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Dharma Blue: The UFO Movie That Never Was

by Dennis Stacy

Hollywood wunderkind producer Don Simpson died on January 19th of this year in his Stone Canyon LA house of apparently natural causes, according to a preliminary statement issued by the office of the Los Angeles Medical Examiner, and as reported in the February 5 issue of "The New Yorker" by John Gregory Dunne.

Dunne, husband of Joan Didion, is the upscale author and sometimes screenplay writer who covered the O. J. Simpson trial for "Vanity Fair." The late non-related Simpson, in conjunction with co-producer Jerry Bruckheimer, was responsible for a string of lucrative cinematic successses (worth well more than a billion dollars total) that included "Flashdance," "Top Gun," "Beverly Hills Cop" and its Eddie Murray-starring sequel.

Unlike most of the postmordem, public-pulse puff pieces regading Simpson's death that appeared in "People," "Time" magazine and other media sources (the producer's drug and sexual excesses were legendary even by Hollywood standards), Dunne's article speaks from personal experience, which is where we here at The Anomalist intertwine.

Not that any of your humble scribes here claim to have ever met the aforementioned magesterial celebrities, mind, just that we find fascinating Dunne's revelations that Simpson's last work in progress was a project called "Dharma Blue," an idea, in Dunne's words, "based on an original story by Simpson, about a forty-year government coverup of U.F.O. sightings."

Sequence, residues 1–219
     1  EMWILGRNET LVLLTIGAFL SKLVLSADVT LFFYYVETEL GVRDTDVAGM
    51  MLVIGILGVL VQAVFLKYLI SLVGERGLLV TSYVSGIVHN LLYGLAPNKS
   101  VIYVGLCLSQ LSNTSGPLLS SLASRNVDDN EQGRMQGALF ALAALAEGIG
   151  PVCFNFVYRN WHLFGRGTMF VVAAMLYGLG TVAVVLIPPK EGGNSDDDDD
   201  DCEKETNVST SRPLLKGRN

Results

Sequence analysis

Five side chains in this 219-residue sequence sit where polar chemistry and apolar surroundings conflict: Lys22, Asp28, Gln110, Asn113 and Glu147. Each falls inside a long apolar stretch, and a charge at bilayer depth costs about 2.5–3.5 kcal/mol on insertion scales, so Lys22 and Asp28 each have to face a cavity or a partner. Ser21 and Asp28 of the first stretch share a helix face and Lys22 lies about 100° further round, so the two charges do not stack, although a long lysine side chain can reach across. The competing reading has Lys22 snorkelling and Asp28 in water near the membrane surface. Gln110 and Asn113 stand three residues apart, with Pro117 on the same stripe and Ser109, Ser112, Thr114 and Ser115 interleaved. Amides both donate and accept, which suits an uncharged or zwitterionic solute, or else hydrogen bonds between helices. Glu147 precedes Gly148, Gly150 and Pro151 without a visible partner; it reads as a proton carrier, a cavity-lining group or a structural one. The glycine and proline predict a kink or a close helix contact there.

While Simpson and Bruckheimer must have conceived of the idea sometime in 1991, it was only in late February of 1992 that Dunne and Didion were brought into the picture as potential scripters of a subject of which they knew little about. By way of background, however, they soon received from Simpson "a massive amount of material," according to Dunne, consisting of the following:

". . . back issues of the magazine UFO, a copy of the Encyclopedia of Personal Surveillance (Book II: 'How to Get Anything on Anybody'), a Nexis cache of newspaper and magazine clips, a tape of a '60 Minutes' segment about a cashiered U. S. Navy officer whose elite SEAL unit had tested the security of Air Force One and several nuclear submarines by trying to break into them, usually successfully. There were videotapes of possible U.F.O. sightings, a bibliography of two hundred U.F.O. books, the listed and unlisted telephone numbers of U.F.O. researchers, a Las Vegas TV interview with a scientist who claimed he had worked at a top-secret military facility near Mercury, Nevada, where he said he had seen evidence of a government-sponsored U.F.O. coverup (that the scientist was part owner of a legal Nevada brothel compromised his bona fides), catalogues of U.F.O. trade shows, and transcripts of U.F.O. symposia, featuring the arguments of both U.F.O. debunkers and the true believers, called Ufologists."

The outline of the script Dunne and Didion came up with is not exactly awe-inspiring. As described, it amounts to little less than a slightly more literate version of the execrable (and highly expendable) "Hangar 18" of a few years back. To make an already long story short, the Simpson-inspired version of Dharma Blue never made it to the silver screen--and hopefully never will. In its final terminal stages the project was renamed "Zone of Silence," presumably after the landlocked (and so-called) Mexican equivalent of the alleged Bermuda Triangle. Which is another story altogether.